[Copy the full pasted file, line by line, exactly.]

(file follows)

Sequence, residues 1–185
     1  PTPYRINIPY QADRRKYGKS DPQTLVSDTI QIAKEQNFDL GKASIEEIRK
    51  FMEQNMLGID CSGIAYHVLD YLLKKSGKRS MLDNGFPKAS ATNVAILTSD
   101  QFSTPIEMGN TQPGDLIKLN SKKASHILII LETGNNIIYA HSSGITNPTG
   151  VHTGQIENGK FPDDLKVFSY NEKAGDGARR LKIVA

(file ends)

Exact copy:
Sequence, residues 1–185
     1  PTPYRINIPY QADRRKYGKS DPQTLVSDTI QIAKEQNFDL GKASIEEIRK
    51  FMEQNMLGID CSGIAYHVLD YLLKKSGKRS MLDNGFPKAS ATNVAILTSD
   101  QFSTPIEMGN TQPGDLIKLN SKKASHILII LETGNNIIYA HSSGITNPTG
   151  VHTGQIENGK FPDDLKVFSY NEKAGDGARR LKIVA